Sun, Nov. 24 | 9-11am | Stanley Park Ecology Society – Nature House | $By donation | DETAILS
Check the Globe & Mail every Thursday for our Special Weekend Edition of the Scout List
Michelle Sproule grew up in Kitsilano and attended University in Australia and the University of Victoria before receiving her graduate degree in Library Sciences from The University of Toronto. She lives in beautiful Strathcona and enjoys wandering aimlessly through the city’s shops and streets with her best friend – a beat up, sticky, grimy, and uncooperative camera.
Rain City Chronicles continues its run with storytelling in unique venues around town this week with two evenings of school related tales. Pencils and Playgrounds (November 21) goes down in the gym at Lord Strathcona Elementary School and Chalk and Lockers (November 22) takes over the auditorium at Templeton Secondary. Rain City Chronicles believes that everyone has a great personal story to tell and they make it their business to create opportunities for our communities to share them. Grab a ticket now for some fantastic storytelling featuring a diverse roster of Vancouverites who will speak to the general theme of School. “Whether you were a teacher’s pet, shy wallflower, sweaty jock or smoke-pit regular, we’ve got a great line-up of storytellers to make you laugh, cry and ooze nostalgia.”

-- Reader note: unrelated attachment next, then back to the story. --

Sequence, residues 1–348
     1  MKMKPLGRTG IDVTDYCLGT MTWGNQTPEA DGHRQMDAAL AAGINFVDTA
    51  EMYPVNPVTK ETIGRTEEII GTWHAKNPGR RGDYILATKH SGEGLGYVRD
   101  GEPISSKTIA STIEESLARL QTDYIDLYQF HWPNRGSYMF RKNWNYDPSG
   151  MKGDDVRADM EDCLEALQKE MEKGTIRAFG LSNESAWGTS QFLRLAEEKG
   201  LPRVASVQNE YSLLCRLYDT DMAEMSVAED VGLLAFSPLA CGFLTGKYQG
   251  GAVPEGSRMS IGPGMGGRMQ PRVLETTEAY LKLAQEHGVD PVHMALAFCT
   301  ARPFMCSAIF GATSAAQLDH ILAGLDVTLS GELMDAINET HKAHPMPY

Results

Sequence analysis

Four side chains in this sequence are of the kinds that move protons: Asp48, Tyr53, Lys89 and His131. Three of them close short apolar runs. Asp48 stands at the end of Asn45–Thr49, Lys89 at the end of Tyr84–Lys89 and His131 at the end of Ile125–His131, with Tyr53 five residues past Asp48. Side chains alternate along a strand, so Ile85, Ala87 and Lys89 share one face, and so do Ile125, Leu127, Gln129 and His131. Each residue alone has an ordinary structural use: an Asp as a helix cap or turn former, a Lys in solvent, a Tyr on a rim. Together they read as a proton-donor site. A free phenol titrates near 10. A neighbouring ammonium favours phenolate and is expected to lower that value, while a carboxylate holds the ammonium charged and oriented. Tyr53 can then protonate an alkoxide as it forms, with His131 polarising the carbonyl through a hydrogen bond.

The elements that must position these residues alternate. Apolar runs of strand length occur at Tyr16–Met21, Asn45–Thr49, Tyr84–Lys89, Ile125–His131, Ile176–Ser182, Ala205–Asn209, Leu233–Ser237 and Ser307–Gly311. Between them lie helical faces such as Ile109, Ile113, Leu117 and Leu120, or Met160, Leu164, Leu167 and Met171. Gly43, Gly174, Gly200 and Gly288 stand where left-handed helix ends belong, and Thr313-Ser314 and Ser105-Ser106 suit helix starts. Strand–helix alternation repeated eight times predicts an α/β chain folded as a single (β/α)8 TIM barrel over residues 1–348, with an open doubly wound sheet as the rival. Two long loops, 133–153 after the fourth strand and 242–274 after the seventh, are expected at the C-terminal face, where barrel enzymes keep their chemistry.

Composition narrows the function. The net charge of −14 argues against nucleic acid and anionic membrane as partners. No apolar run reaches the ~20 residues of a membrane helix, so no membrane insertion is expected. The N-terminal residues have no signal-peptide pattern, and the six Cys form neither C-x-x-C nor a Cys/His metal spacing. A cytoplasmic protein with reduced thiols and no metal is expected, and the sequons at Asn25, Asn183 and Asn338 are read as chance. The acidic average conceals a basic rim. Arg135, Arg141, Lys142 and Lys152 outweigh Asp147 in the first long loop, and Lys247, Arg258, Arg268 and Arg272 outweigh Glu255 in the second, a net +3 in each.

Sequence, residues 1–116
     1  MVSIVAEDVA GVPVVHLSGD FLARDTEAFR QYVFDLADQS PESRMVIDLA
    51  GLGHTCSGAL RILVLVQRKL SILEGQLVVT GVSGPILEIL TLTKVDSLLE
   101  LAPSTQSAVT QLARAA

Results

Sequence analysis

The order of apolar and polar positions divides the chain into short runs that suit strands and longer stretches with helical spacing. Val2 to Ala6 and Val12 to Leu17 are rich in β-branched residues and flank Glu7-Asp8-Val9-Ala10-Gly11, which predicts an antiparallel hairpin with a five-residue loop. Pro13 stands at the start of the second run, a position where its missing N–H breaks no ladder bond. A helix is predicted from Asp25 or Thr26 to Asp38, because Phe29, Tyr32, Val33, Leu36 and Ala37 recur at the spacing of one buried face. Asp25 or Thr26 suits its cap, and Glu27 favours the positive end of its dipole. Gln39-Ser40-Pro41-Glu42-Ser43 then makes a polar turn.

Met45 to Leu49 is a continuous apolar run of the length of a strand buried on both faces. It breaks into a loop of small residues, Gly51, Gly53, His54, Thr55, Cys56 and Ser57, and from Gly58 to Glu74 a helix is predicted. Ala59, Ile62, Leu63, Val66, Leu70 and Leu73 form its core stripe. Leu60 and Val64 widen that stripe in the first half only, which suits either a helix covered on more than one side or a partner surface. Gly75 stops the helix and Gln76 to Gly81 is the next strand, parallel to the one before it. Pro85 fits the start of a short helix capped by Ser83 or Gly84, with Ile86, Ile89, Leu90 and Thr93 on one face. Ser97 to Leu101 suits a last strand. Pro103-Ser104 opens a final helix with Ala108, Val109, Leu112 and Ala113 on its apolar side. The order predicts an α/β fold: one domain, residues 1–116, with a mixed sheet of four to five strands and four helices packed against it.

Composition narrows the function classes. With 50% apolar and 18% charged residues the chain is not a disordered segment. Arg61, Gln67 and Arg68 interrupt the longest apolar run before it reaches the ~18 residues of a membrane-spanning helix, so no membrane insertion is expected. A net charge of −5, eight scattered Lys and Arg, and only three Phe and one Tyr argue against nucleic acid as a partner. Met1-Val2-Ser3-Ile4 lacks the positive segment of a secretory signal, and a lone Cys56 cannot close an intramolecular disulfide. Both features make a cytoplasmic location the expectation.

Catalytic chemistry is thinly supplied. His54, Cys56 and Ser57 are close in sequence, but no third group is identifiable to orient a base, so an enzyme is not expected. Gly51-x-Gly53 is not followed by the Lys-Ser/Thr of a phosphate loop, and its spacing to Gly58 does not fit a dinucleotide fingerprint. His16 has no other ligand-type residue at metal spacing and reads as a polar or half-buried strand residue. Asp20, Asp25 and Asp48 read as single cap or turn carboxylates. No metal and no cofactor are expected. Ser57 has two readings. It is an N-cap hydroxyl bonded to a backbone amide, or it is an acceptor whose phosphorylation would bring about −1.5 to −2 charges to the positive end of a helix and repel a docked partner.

And it gets even better…this time around, Rain City Chronicles has joined forces with the Winner Winner Chicken Dinner crew (you may remember these talented lads from the Chinatown Nightmarket) and super-food-and-event-enthusiast Ken Tsui to put on a special cafeteria-style dinner. Prior to the stories, guests grab a plastic tray, line-up and choose one of four distinctive re-interpretations of the classic lunch-time specials from your elementary or high school days. Think shepherd’s pie, sloppy joes, mac n’ cheese, and pizza. There will also be a mocktail (some sort of take on a “grape drink”?), a cafeteria bun, and a “pudding cup”. The menu is intended to be nostalgic and aims to inspire people to tell their school stories to table mates and friends while they dine.